VDNH-9: Infrastructure, Migration and Mobility in the North: Das Sein bestimmt das Bewusstsein?

Department of Anthropology

On November 14th, as part of the VDNH-9 conference, the “Arctic Social Sciences” and “Migration Studies” research groups held a session titled “Infrastructure, Migration and Mobility in the North: Das Sein bestimmt das Bewusstsein?” The session was devoted to the issues of mutual influence and adaptation of infrastructures and societies of different levels. The central discussion question was the following: how are infrastructures used and modified in accordance with the needs and interests of northern communities? This issue was examined in terms of migration and mobility in the North.

It’s known that the North and the Arctic are generally associated with inaccessibility and a lack of infrastructure. Every northerner is constantly faced with a variety of matters related to these questions: how to get to the mainland? Where to buy mutton, uncommon in the tundra? How to send money to children and students? What are the advantages of the Internet connection in a village? How to get to a doctor who is many miles away? Where to spend the holidays? Where to send children to study? Where to live in retirement? What to do when a borehole is closed, or when a new cultural center opens? How to live in two worlds? How to build a house while being three thousand kilometers away? Where to live in winter, and where in summer? How to organize life in the North? The reports by session participants were dedicated to describing how inhabitants of the contemporary Russian Arctic find answers to these questions.

The meeting was opened by Professor Nikolai Vakhtin (EUSP), who expressed his gratitude to the audience for participating in the conference. Professor Vakhtin also noted the importance of the fact that for the second year the session had been organized by two EUSP research groups — Arctic Social Sciences and Migration Studies — and expressed hope that points of convergence found last year between the two groups would be adequately covered this year. He also observed that participants readily responded to the invitation to highlight issues of Science and Technology Studies (STS) in their reports, since such material is widely represented in their own projects and merits interdisciplinary research.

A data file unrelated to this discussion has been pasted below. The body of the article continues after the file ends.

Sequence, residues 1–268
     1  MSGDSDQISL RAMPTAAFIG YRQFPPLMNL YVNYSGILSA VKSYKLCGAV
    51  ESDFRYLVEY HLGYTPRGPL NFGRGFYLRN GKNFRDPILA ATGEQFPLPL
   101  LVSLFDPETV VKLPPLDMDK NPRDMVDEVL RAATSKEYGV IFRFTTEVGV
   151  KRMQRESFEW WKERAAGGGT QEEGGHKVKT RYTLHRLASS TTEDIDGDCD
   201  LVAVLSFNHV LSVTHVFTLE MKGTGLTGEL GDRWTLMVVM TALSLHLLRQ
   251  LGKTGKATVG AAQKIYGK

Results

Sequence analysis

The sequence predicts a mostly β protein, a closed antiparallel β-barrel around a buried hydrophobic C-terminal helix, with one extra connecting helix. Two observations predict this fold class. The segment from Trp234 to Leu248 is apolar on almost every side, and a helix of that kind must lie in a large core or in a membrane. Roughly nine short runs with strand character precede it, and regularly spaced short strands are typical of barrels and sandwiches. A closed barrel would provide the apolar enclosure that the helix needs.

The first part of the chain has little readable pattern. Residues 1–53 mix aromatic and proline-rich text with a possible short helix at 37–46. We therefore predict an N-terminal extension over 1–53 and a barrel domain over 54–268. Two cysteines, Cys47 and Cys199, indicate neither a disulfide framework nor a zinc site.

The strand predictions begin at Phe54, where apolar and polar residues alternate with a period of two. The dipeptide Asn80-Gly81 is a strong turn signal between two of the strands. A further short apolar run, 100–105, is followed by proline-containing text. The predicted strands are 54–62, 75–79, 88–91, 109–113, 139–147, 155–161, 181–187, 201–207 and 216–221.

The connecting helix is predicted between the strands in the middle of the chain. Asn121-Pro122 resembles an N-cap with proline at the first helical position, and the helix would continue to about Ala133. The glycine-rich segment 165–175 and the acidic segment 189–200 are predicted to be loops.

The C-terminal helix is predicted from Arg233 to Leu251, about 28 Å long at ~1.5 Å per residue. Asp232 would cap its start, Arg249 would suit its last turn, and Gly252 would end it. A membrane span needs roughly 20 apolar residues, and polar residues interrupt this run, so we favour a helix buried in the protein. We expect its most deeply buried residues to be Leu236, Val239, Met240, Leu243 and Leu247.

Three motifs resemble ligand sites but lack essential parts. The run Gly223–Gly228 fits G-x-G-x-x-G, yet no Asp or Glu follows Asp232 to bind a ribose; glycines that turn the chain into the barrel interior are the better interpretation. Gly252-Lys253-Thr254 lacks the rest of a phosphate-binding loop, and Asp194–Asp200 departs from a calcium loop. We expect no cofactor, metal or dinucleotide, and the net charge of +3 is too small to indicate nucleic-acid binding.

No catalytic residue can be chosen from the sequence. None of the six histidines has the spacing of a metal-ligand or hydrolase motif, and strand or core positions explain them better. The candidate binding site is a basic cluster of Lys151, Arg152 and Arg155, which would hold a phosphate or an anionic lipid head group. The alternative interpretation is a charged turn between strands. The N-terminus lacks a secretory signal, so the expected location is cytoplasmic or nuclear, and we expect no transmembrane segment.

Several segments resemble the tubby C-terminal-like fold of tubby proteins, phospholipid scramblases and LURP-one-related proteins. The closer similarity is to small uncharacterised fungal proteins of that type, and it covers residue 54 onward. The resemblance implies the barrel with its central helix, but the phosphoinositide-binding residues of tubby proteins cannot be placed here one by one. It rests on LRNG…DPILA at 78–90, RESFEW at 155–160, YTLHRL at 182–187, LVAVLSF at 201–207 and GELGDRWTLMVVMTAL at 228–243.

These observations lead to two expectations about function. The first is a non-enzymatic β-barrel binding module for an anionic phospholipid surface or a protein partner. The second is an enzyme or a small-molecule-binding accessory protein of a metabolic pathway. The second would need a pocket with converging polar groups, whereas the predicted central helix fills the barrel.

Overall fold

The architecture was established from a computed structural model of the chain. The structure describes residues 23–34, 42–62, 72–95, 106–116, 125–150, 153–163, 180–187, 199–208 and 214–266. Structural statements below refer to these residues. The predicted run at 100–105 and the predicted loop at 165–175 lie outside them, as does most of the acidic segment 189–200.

The first part of the session was primarily dedicated to issues of mobility and displacement in the North and Siberia. Vladimir Davydov (Museum of Anthropology and Ethnography, St. Petersburg) presented a report titled “The Temporality of Displacement in the North: Hunters, Herders, Fishermen, and Industrial Development Projects.” Using the examples of the Evenki and Dolgan people, he examined the mobility patterns of hunters, herders and fishermen and the changes they face in light of industrial development projects. He analyzed temporal aspects of mobility as well as the role of heavily used sites in the navigation structure of northerners.

Eva Toulouze (Paris/Tartu) and Liivo Niglas’ (Tartu) report “On the Road with Yuri Vella: The Economic, Social and Political Aspects of the Use of Cars by Indigenous People in Western Siberia” showed how modern technology can be used for sustainable development by indigenous people trying to preserve their traditional way of life. Yuri Vella (1948-2013) applied modern technology in resisting pressure placed by corporations on the traditional way of life in the forests of the Nenets people. Toulouze showed that the automobile was one of the most important technologies that Vella relied upon in his struggle for economic, cultural and political survival.